When we think of Hungary, we don’t often think of photography.
However, there are a few cameras that came out of the country. Some even argue that the first single-lens reflex cameras came from Hungary and not from Germany.
|Body, film||35mm rangefinder|
|Years made||Late 1950s-???|
|Photo quality||Not tested|
As such, there isn’t a tremendous amount of information about the camera or its maker, MOM.
There are some YouTube videos (narrated in Hungarian), and one of those videos is embedded at the bottom of this article.
Like many fixed-lens rangefinders from that era, it used a Tessar-type coated f/3.5 50mm Ymmar lens, but rather than a leaf shutter, the Mometta II had a cloth focal-plane shutter, which must have added to the complexity and cost.
The Mometta II has tiny knobs, a somewhat tiny lens that and a tiny viewfinder. Despite this, it’s very easy to use.
As far as focal-plane shutters go, this one lacks slow speeds. There also is no ability to synchronize with flash, nor is there a self-timer. There are two tripod sockets on either end of the base.
The Mometta II takes almost full-frame photos of 24mm x 32mm instead of the established 24mm x 36mm format. What’s a couple of millimeters? Most people won’t notice it and a “long” roll of 35mm film will give you an extra four frames, possibly more. The frame counter actually goes to 49.
The body style is very similar to the Exakta Exa. The ends of the camera are rounded, making it comfortable to hold the body, which is much thicker than other cameras its size.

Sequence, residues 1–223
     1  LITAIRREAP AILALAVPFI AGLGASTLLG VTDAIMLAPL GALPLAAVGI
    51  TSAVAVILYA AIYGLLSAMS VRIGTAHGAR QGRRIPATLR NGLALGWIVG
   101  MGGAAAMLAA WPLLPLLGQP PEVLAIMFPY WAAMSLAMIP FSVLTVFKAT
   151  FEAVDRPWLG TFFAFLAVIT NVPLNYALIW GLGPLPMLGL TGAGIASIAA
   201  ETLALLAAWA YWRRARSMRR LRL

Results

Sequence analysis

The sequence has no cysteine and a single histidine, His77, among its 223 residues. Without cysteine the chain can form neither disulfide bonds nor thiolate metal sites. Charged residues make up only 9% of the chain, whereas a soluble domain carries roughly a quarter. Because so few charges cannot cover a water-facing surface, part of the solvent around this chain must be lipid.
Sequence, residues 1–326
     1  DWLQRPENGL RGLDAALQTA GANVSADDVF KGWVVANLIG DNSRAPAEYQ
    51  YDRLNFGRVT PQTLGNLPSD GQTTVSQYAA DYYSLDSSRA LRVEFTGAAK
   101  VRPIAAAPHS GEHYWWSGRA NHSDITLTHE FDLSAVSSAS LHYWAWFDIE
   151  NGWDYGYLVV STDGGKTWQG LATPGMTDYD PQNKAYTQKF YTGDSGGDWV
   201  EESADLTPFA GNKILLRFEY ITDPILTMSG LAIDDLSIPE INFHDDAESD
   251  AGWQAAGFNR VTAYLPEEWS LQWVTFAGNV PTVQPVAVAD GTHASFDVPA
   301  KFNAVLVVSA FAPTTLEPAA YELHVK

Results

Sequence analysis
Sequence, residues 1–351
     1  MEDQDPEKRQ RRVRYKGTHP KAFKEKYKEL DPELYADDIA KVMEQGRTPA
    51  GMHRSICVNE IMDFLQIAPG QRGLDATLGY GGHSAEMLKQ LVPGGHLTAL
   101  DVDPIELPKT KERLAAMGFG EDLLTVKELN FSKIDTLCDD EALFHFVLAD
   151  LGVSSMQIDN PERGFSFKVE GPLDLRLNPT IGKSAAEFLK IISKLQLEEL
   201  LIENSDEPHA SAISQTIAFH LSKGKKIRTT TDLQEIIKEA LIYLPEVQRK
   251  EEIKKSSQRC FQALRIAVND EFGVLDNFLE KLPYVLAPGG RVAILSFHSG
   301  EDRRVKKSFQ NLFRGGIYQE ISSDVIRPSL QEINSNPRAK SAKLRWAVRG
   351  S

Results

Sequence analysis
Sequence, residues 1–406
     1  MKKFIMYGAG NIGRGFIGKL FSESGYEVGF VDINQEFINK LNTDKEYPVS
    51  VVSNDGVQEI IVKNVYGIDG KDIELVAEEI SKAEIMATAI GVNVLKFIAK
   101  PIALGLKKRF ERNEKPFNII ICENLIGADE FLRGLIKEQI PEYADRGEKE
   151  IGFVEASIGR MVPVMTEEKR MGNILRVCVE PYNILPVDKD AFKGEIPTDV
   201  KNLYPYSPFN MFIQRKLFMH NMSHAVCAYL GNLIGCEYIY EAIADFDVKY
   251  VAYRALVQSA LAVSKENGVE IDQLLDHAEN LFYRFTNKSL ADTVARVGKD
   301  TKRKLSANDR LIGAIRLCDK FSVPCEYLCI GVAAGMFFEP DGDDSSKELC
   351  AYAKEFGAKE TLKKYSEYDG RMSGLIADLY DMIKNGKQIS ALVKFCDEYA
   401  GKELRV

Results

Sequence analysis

The shutter release sits toward the back of the camera, which means that you have to reach back when you bring the camera to your eye.
There is a collar that surrounds the shutter release. Push to the left, and you advance the film. Push to the right to rewind the film. You can pull up on the rewind knob, which makes it much easier to use. Otherwise, you would be able to turn the knob less than one half turn at a time.
There is an accessory shoe for some type of accessory. I don’t know enough about the available accessories to know if there was a sports finder of some type. It would make sense, because it is in alignment with the lens.
The back is removed by twisting a single key. Inside you’ll find an oval pressure plate, which is very unusual. These are always rectangular.
There are no frame lines in the viewfinder. The yellow rectangular rangefinder does its job, although I suspect there was more contrast when this camera was new. By the way, you focus with by tab – a short arm that extends from the base of the lens.
It’s a friendly camera to use, and if you can live without slow speeds, you might have some fun with this camera.
It should also be mentioned that this would be categorized as a “Commie Camera,” and May 1 has been designated as Commie Camera Day. May 1 is also International Workers Day, which is when the organized labor movement began in the U.S. in 1886 and also is a day celebrated by socialists and communists.